A gluten-free aside: For the guys, I used sourdough bread, but for myself, I wrapped my egg, cheese mixture and arugula in a brown rice tortilla.  I’m trying a gluten-free diet for personal health reasons.  It was mighty tasty!


I am quite proud of myself.  I’m slowly but surely becoming a leftover queen.  See, I’ve always aspired to be a leftover queen; to be like my mother who can make something delicious out of bits and pieces of previous meals.   Prior to arriving at my current status of queen-in-training, I was wallowing away in leftover boredom.  I was the from-the-fridge-to- the-microwave type.   I know… shocking that a queen-to-be could come from such humble beginnings.  But no longer!   This girl can  turn a lonely chicken thigh into a hearty fried rice with a little egg and roasted nori.  Overcooked leftover brown rice magically becomes porridge with almond butter and blueberries for a healthy breakfast treat.  And a lonely piece of Niman Ranch smoked bacon, dried out cornbread, and a smidge of leftover cream becomes something comforting and yet oh-so-divine.  Ladies and gentlemen, the leftover queen-in-training presents…

The baked egg  (mini tada!)

You can bake an egg (or 10, as I happened to do…), with just about anything else you have lying around.  In this case, I set my oven to 350° and buttered up a casserole dish, covered the bottom with cubed cornbread and some cream.  Then, I sliced the bacon into 1/2 in. pieces (or lardons, if you want to get all technical) and cooked them on low heat until they got nice and crispy.  Out came the bacon to drain and into the hot pan went some sliced shallots and mushrooms (with a little bacon fat left in… well, because… duh). Once the shallots and mushrooms were browned and caramelized, I added a bunch of spinach to wilt in the pan and seasoned to taste.  This mixture was spooned evenly over the cornbread.   Then the eggs were carefully set atop the layers of cornbread and vegetables.  Finally, another few splashes of  cream atop the eggs (this helps keep the whites from drying out), a sprinkling of fresh thyme and freshly grated nutmeg and in to the oven it went for approximately 12-15 minutes.  Top with any additional herbs you fancy (I had chives so I used those).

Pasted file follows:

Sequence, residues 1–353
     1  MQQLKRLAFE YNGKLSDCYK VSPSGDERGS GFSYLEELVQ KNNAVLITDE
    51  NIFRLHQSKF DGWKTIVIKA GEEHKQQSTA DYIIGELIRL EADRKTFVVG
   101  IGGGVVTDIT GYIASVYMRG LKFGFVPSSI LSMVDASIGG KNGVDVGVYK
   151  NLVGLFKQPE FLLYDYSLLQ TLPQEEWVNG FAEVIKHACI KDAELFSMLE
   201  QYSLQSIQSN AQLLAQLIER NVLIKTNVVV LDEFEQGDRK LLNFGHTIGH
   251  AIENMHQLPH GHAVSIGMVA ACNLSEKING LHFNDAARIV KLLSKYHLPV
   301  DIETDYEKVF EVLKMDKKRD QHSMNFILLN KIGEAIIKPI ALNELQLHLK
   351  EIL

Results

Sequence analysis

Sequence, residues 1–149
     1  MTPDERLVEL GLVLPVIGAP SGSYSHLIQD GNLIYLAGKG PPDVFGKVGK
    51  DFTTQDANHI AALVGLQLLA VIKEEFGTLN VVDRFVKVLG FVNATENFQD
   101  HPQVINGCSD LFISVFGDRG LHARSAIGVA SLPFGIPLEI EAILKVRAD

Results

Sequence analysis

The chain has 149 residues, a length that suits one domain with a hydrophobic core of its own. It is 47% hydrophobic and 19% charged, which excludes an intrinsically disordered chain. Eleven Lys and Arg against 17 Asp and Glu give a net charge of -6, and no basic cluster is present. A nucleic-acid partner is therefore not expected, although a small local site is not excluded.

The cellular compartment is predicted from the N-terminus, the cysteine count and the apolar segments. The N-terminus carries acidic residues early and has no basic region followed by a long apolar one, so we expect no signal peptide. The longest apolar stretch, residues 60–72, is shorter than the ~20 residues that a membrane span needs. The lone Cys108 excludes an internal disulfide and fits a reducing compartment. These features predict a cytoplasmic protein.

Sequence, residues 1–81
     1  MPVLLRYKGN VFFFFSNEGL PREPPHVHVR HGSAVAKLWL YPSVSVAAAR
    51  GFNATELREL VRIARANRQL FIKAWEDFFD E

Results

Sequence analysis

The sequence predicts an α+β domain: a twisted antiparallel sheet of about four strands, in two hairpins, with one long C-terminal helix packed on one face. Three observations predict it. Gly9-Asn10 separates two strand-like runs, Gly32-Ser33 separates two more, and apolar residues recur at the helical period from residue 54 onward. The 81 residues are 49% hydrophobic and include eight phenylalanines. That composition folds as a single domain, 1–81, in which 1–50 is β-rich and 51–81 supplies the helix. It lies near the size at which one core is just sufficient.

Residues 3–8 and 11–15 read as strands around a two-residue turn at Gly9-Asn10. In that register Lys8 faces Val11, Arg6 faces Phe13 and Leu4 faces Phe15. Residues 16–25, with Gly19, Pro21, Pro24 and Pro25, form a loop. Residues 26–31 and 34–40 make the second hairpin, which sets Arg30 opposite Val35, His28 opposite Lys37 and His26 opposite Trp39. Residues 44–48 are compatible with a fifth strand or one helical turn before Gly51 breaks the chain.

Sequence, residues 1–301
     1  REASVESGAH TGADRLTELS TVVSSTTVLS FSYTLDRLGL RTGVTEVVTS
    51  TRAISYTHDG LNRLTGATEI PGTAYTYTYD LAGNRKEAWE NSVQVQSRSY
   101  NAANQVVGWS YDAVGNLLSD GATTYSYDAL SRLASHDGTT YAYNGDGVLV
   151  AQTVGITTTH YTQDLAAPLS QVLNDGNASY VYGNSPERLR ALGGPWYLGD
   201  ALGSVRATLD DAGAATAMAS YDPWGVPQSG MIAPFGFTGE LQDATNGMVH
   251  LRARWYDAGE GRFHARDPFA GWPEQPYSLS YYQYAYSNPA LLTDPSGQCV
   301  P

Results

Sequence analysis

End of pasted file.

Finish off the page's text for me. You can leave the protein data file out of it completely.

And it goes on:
Keep an eye on the eggs to make sure they don’t overcook.  As you can probably tell from my photo up top, my yolks were slightly overdone for my tastes.  Yeah, I’m a runny yolk kinda girl.  Adjust the cooking time to suit your yolk personality!

Baked eggs can be made with almost anything (and can be made more waistline friendly than this particular one).  Bread, no bread.  Tortillas? Rice? For sure!  Layer with tomato sauce, pesto, cheeses, leftover sausage or other meats, beans,… oh, the possibilities.  I’ve been on a tortilla and chipotles in adobo kick as of late.  I’m thinking my next version will have a little Mexican flare.  Or maybe Japanese inspired rice casserole of sorts topped with eggs, umeboshi plums, and furikake?  Yum?

What’s your favorite leftover mashup?  And more importantly, how do you like your eggs?